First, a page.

Here’s is what you need to know about Grand Prix


Grand Prix stands for ‘great prizes’ or grand prizes’ in French. Grand Prix refers to an automobile racing which began in France at the beginning of 1906 and soon after turned into the most famous sort of racing globally. Grand Prix immediately developed from basic street racing starting with one town then onto the next, transforming into the greatest racing event.

Grand Prix motorsport takes place on a closed highway or on different courses mimicking the road conditions.

Grand Prix motorsport is operated via car manufacturers around the globe under the supervision of the Fédération Internationale de l’Automobile (FIA), which sets the standards for racing, such as standards, rules and regulations for vehicle classes, including the Formula 1 Grand Prix racing.

Formula 1 is the most elevated class of single-seater motorsport claimed by the Formula 1 Group and endorsed by the Fédération Internationale de l’Automobile (FIA). A Formula 1 season comprises of a progression of races, known as Grands Prix, which happen worldwide on to specific tracks and rarely on open streets.

Grand Prix racing is also known as Formula 1 racing as its immediate relative. Every occasion of the Formula 1 World Championships is as yet called a Grand Prix; Formula 1 is additionally alluded to as Grand Prix racing.

In the beginning, Grand Prix referred to races that took place in France during 1862, around this time the first French Grand Prix horse race also took place. However, in the present age, Grand Prix races refer to World Championship of Drivers and their teams. 15 Grand Prix races are held yearly in nations throughout the world.

2019 Formula 1 calendar

Following is the calendar of Grand Prix Formula 1 races and where they are scheduled to be held. This schedule of races depicts how big of motorsport it is, spanning all around the globe and many iconic cities.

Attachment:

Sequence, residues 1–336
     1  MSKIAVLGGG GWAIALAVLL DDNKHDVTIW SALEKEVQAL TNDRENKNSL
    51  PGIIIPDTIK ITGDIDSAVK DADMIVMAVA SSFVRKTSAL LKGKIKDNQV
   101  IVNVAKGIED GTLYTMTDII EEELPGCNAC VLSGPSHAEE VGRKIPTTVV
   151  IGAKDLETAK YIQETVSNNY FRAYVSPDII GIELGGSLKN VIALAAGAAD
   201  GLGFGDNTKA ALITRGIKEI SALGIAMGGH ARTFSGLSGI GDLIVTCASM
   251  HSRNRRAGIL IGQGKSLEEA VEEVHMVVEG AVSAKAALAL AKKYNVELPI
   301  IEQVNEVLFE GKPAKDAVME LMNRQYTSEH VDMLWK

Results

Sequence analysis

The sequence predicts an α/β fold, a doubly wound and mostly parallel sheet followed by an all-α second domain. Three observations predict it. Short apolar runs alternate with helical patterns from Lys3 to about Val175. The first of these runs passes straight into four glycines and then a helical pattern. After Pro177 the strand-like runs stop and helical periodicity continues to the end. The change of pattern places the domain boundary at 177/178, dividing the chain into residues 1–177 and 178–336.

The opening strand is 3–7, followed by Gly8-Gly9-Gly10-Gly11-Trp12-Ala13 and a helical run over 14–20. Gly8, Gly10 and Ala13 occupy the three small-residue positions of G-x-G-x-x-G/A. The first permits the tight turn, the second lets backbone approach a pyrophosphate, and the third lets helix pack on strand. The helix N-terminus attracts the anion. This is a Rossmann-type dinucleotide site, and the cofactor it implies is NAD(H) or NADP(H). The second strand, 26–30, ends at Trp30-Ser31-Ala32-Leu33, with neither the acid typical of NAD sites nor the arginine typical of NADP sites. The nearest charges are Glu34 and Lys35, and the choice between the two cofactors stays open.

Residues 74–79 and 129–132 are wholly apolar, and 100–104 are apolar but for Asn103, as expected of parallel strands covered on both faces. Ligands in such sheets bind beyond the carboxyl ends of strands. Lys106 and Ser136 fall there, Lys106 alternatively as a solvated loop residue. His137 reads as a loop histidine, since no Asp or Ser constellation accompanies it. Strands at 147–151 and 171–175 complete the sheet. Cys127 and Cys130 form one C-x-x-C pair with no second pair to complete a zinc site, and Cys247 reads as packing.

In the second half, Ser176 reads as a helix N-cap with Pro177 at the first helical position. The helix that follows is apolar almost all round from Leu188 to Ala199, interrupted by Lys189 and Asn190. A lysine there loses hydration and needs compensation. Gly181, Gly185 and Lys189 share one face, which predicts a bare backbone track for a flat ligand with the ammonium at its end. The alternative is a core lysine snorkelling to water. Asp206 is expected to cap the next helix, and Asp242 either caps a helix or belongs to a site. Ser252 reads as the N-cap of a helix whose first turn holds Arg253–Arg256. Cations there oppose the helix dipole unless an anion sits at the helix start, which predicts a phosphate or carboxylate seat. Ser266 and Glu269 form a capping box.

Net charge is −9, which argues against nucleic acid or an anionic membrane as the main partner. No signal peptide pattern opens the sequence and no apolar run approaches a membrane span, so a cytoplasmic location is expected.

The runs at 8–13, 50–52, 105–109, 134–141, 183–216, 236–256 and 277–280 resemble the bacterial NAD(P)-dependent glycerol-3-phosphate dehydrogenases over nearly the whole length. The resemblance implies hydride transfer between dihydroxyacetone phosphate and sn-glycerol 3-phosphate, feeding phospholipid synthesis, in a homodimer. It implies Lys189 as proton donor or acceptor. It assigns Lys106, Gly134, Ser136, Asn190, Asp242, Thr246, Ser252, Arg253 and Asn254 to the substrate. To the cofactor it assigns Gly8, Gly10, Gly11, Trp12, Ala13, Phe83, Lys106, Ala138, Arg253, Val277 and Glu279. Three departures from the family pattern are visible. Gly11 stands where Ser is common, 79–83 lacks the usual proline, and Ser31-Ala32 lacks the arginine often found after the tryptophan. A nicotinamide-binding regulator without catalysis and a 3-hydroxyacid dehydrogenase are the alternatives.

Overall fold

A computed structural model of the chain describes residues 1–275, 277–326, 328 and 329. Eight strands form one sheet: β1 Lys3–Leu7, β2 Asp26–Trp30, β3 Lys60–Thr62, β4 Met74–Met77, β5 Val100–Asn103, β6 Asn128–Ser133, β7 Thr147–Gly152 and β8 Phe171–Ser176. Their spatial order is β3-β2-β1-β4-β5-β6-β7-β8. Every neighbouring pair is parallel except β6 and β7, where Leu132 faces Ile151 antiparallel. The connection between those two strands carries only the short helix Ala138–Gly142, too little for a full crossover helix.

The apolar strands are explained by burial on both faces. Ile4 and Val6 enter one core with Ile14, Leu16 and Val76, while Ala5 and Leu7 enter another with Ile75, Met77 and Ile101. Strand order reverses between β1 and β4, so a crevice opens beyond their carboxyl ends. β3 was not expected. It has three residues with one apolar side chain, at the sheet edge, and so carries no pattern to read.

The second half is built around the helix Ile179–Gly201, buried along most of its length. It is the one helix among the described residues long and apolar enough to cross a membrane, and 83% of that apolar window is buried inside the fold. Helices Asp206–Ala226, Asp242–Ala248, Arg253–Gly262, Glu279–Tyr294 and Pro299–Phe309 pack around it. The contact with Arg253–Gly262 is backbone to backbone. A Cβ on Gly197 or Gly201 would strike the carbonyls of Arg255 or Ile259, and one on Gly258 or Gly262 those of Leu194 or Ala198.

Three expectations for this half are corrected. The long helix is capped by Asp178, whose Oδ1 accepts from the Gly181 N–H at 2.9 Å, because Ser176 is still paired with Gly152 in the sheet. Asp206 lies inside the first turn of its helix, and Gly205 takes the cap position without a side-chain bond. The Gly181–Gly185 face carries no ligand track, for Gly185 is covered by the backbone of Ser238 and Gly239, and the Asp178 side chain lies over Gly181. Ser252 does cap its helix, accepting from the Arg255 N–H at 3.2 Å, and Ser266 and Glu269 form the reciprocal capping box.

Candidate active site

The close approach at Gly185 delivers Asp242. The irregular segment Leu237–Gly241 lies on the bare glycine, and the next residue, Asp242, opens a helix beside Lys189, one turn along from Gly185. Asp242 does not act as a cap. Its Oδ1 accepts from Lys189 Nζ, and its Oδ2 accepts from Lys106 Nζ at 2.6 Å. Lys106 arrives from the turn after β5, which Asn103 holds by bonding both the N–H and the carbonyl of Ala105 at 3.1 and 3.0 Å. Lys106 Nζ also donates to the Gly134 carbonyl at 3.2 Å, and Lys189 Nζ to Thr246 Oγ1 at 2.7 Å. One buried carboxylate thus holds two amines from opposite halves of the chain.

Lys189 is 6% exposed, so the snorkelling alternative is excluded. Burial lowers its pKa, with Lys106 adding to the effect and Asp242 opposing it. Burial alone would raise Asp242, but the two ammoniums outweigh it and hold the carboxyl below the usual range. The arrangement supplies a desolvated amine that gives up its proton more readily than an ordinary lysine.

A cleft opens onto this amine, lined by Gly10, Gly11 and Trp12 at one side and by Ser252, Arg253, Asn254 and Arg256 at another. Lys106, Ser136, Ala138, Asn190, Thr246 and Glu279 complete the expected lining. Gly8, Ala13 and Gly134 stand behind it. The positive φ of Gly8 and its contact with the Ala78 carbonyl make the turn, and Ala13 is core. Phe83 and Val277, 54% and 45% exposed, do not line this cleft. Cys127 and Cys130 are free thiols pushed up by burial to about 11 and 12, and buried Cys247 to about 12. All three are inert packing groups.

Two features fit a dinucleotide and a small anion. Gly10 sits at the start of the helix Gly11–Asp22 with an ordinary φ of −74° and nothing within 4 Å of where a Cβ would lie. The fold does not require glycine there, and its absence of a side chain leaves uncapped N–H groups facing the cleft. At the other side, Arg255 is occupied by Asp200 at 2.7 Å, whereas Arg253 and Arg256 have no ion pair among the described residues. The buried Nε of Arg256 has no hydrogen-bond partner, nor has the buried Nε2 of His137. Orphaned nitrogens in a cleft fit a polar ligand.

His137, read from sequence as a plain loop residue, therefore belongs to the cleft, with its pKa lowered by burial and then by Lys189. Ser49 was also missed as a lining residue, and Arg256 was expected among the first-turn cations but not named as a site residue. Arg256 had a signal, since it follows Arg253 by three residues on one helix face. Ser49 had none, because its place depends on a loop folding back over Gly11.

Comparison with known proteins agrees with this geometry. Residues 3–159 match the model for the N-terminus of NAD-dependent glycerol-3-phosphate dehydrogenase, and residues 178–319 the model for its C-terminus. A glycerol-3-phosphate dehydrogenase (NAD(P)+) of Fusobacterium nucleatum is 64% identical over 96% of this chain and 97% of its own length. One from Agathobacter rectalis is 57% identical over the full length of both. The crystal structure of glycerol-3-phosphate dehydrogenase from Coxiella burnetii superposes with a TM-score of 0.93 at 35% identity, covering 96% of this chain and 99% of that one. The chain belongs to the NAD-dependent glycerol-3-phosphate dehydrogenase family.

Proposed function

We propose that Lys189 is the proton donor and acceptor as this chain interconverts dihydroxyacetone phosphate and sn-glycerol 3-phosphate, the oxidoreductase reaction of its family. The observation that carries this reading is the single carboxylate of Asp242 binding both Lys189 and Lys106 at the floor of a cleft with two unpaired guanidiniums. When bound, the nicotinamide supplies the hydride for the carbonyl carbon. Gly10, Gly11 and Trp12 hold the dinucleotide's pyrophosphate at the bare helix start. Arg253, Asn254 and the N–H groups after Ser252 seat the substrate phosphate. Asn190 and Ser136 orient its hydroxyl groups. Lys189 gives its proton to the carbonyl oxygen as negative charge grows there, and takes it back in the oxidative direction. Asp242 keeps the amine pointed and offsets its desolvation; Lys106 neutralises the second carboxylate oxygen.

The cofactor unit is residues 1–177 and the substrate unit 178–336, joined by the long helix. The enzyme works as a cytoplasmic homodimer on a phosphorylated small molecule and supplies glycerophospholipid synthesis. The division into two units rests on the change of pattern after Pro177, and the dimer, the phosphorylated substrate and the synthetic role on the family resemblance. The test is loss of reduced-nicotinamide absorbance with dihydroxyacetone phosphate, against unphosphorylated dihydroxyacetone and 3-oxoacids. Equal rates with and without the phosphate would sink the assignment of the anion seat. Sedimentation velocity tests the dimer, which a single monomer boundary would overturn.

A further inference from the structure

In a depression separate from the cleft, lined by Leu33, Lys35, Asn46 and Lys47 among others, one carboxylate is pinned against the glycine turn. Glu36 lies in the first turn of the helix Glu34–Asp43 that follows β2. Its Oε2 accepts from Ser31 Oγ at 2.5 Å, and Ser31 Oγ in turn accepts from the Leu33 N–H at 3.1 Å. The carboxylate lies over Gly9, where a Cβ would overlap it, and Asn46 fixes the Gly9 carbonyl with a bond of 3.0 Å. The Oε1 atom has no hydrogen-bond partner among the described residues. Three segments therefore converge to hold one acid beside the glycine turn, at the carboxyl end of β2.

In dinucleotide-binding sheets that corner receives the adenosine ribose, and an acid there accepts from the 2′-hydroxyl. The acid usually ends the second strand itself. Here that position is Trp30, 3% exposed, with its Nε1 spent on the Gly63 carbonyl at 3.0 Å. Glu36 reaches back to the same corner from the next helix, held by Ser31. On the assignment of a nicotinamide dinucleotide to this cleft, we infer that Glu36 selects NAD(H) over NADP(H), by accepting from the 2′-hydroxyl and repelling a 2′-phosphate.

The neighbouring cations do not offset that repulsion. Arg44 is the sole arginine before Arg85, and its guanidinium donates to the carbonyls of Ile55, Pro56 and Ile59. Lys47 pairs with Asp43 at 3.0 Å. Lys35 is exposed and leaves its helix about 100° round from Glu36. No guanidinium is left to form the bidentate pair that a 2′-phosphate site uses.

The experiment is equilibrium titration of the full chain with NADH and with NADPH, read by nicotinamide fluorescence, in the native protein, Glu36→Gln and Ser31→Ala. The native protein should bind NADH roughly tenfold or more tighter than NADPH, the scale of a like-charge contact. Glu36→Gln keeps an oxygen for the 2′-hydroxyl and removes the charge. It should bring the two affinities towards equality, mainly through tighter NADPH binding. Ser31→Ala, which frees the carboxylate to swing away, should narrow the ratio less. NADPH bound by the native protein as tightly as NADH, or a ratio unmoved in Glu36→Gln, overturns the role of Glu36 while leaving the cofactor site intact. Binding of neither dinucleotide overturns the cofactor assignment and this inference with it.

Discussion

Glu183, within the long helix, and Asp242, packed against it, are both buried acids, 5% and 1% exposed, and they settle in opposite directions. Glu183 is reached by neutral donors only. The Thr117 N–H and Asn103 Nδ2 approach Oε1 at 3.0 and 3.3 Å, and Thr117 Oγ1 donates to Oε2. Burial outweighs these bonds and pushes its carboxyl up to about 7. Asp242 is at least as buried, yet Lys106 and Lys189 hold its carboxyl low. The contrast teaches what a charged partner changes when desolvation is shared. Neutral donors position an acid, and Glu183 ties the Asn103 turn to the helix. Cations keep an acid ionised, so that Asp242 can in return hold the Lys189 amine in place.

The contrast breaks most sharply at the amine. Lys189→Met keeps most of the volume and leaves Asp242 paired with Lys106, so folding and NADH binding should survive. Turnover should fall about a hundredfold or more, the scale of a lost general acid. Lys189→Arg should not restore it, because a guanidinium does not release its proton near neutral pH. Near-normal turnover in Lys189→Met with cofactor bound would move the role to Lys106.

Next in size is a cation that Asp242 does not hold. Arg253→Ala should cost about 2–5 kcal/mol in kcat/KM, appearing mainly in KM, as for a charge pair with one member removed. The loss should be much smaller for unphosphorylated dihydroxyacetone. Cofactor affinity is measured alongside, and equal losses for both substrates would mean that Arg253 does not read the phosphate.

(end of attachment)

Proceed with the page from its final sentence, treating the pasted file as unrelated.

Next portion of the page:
Race Day City Grand Prix
17 March 2019 Melbourne Australia
31 March 2019 Sakhir Bahrain
14 April 2019 Shanghai China
28 April 2019 Baku Azerbaijan
12 May 2019 Barcelona Spain
26 May 2019 Monaco Monaco
09 June 2019 Montreal Canada
23 June 2019 Le Castellet France
30 June 2019 Spielberg Austria
14 July 2019 Silverstone Great Britain
28 July 2019 Hockenheim Germany
04 August 2019 Budapest Hungary
01 September 2019 Spa-Francorchamps Belgium
08 September 2019 Monza Italy
22 September 2019 Singapore Singapore
29 September 2019 Sochi Russia
13 October 2019 Suzuka Japan
27 October 2019 Mexico City Mexico
03 November 2019 Austin USA
17 November 2019 Sao Paulo Brazil
01 December 2019 Yas Marina Abu Dhabi

Other Grand Prix Events

Following is the list of all locations for the Grand Prix events around the globe:

  • Vanderbilt Cup
  • United States Grand Prix
  • Tunis Grand Prix
  • Tripoli Grand Prix
  • Targa Florio
  • Swedish Winter Grand Prix
  • Swedish Summer Grand Prix
  • Stockholm Grand Prix (Formula Two)
  • San Sebastián Grand Prix
  • Russian Grand Prix
  • Penya Rhin Grand Prix
  • New Zealand Grand Prix
  • Moroccan Grand Prix
  • Mille Miglia
  • Lviv Grand Prix
  • Hungarian Grand Prix
  • Dutch Grand Prix
  • Donington Grand Prix
  • Czechoslovakian Grand Prix
  • Coppa Ciano
  • Coppa Acerbo
  • Chilean Grand Prix
  • Buenos Aires Grand Prix
  • Belgrade Grand Prix
  • Belgian Grand Prix
  • Bari Grand Prix
  • Australian Grand Prix
  • Argentine Grand Prix

Formula 1 regulations

The following are various Formula 1 guidelines that are currently implemented since Formula 1 guidelines made and implemented by the FISA and the FIA, have changed significantly since the primary Formula 1 World Championship in 1950.


Since 2010, refuelling is prohibited during the Grand Prix race. At the start of each race, the car must begin full fuel as required by the race.